But communities in the Florida Panhandle were given an exemption to the impact-protection provisions for homes built beyond one mile of the coast. This exemption was granted on grounds that the Panhandle was not likely to experience violent hurricanes like Andrew. And then there was Michael.
The code was fully enacted in 2002, but new homes in the Panhandle were exempt from impact provisions until 2007. Beyond the use of hurricane straps and enhanced anchoring of exterior walls, the coastal provisions require impact-resistant windows and doors or hurricane shutters.
Census data show that Bay County, where Panama City and Mexico Beach are located, added almost 25,000 residential units after the enactment of the code. Based on permit data, more than 60 percent were built during the time of the exemption, meaning that many homes lacked the impact protection required in other coastal communities.
As Hurricane Michael maintained at least Category 3 winds across the state and into Georgia, homes deep in Florida’s interior would have benefited from impact protection.
There is little doubt that homes built to the code show less damage even without impact protection. But the intent of the coastal standards is to prevent flying debris from penetrating the home, allowing wind to put upward pressure on the roof. This pressure, in combination with the lift effect of the wind as it passes over the roof, makes failure more likely.
A last-minute effort to minimize that possibility is to purchase plywood and nail it over all windows and doors. But Michael developed quickly, forcing residents to evacuate without much time to protect their homes. Installing permanent shutters or impact-resistant glass, as the code intended, makes last-minute precautions unnecessary.
A new paper I co-authored with Jeffrey Czajkowski of the University of Pennsylvania’s Wharton Risk Center and James Done of the National Center for Atmospheric Research shows that homes built in coastal areas of Florida, after the implementation of the code, suffer 64 percent less damage than homes built before. Our study used realized insured loss data across 10 years from more than 1 million homes. Loss data for the study included seven landfalling hurricanes, three of which were Category 3 or higher.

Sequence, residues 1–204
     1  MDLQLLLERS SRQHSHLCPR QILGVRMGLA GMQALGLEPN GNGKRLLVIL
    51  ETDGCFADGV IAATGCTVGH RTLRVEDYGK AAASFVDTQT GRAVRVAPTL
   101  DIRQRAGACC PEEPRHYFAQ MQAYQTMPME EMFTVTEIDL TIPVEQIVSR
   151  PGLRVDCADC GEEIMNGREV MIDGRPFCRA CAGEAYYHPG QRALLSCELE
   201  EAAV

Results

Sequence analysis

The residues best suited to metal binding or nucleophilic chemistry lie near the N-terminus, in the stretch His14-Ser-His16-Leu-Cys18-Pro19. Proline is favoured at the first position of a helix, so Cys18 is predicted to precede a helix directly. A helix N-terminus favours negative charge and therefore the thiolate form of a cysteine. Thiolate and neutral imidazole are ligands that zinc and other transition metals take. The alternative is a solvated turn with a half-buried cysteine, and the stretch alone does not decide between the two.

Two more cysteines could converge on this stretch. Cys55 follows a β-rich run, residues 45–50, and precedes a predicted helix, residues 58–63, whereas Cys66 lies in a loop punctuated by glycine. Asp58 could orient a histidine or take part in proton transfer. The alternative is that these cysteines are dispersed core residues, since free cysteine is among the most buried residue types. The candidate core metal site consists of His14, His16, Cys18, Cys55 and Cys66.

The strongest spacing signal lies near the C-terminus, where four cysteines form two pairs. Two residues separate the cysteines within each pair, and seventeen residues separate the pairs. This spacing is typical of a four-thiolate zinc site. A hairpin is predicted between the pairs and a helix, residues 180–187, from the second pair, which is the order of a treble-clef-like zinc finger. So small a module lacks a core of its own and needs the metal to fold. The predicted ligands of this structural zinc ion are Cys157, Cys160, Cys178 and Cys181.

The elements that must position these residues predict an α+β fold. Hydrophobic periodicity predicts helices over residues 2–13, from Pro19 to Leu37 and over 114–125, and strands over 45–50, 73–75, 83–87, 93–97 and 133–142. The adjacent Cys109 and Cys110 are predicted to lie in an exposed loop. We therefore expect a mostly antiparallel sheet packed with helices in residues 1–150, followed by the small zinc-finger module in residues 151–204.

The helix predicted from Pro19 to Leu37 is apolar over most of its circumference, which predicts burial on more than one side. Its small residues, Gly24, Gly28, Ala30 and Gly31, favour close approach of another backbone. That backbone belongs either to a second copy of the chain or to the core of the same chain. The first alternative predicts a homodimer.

The results make a clear statement concerning the wisdom of requiring construction methods based on wind engineering principles. Last year’s hurricanes shattered records, but when Hurricane Irma hit Florida, the stronger codes limited the wind damage for homes built to the code.
Building resilient homes does add cost, and the most expensive part of the code is the impact-protection provision. So it’s understandable that communities wanting to protect affordability would resist actions that make building a home more expensive. But another result from our research finds the code is cost-effective.
Statewide, we find a benefit-to-cost ratio of $6 in reduced damage for every $1 in increased cost. The cost effectiveness is highest in the interior of the state, but coastal communities that must utilize more expensive impact protection still show impressive benefit-to-cost ratios. Even the most expensive option (impact-resistant windows) provides a benefit of $2.20 in reduced damage for each $1 of increased cost. Ratios are higher when the lower-cost option (hurricane shutters) is used.
Since 1980, wind storms have caused almost $1 trillion in damage, with 85 percent of that amount since 2000. Increased population in coastal areas combined with the effects of a warming climate suggest that damage exceeding even that number will occur during the next 40 years.
While it’s not possible to eliminate all damage from natural disasters, we can begin making wise and cost-effective decisions. There will always be the temptation to discount the need for better protection from the wrath of nature. But if Hurricane Michael has taught us anything, it is that the unthinkable can and probably will happen, someday.